morris.jacqueline said...

Agree with all the suggestions. I did a creative writing course once and the tutor used to suggest titles for me. She made a decision after leaving University to only read female authors, she's well into her sixties now and has been reading only women for 40 years! I'd love an online book club as it's difficult to go out of an evening with children to get sitters for. What do you think anyone?

Cyndi said...

Have you seen the trailer for the movie? It looks promising, and I can't wait. http://www.youtube.com/watch?v=J_ajv_6pUnI

Deb said...

it also has a fantastic ending, enjoy!

Anonymous said...

Another vote for Maya Angelou's autobiography. Read them all when I was about 20 and the inspiration they gave me has lasted all these years!! The Book People have the whole set of 6 for £6.99 right now - they don't stock stuff for long - when they're gone they'll be gone so don't resist?? I have just started re-reading them. She writes so beautifully, and reminds you of the strength and spirit of women to overcome anything. Love Nina B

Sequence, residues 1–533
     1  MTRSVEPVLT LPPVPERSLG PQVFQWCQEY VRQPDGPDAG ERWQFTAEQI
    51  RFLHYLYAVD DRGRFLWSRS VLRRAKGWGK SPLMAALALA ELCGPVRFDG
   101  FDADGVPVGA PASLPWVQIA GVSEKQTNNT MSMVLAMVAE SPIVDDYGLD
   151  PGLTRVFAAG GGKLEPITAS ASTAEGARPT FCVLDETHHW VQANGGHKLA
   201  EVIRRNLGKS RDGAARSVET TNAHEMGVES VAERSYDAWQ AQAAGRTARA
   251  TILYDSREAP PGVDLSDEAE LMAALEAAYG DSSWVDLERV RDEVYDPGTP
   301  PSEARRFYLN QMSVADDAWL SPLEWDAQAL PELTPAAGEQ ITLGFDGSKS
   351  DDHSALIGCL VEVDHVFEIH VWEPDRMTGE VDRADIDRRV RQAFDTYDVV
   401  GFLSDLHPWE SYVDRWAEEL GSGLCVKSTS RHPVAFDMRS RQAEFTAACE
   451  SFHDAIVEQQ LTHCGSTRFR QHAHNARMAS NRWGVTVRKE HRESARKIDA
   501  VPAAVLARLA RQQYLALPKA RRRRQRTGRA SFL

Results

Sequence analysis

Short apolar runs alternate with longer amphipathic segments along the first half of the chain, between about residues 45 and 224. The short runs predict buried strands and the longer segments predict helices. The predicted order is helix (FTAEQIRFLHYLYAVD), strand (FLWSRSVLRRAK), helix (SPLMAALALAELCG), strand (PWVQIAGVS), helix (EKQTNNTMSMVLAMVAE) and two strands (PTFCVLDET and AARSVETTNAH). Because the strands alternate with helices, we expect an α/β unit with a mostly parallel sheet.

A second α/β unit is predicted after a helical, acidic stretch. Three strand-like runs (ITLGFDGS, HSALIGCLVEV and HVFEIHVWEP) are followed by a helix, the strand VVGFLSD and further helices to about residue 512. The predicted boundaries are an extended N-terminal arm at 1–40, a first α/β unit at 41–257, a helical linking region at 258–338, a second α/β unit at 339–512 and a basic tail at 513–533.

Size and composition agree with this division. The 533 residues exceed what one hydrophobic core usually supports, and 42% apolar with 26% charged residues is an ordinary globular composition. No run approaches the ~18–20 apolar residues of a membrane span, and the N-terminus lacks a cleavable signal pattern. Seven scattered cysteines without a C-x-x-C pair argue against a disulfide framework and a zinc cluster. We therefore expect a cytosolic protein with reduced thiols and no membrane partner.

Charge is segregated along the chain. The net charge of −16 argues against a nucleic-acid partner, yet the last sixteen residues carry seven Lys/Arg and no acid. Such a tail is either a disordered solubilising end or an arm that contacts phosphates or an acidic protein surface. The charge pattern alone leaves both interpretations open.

mariegoodwyn said...

Hi Kirsty,
Another book in this ilk is Roll of Thunder, Hear my Cry. It's about a young girls experience of that period. Its technically a teenage read - but then so was Harry Potter! And you won't need to put a fake cover on this one lol. The amazon link is - [url]http://www.amazon.co.uk/Roll-Thunder-Puffin-Teenage-Fiction/dp/0140371745/ref=sr_1_1?ie=UTF8&qid=1304500289&sr=8-1[/url]
I'm not sure the link will work - it's the first time I've html'd in a blog comment!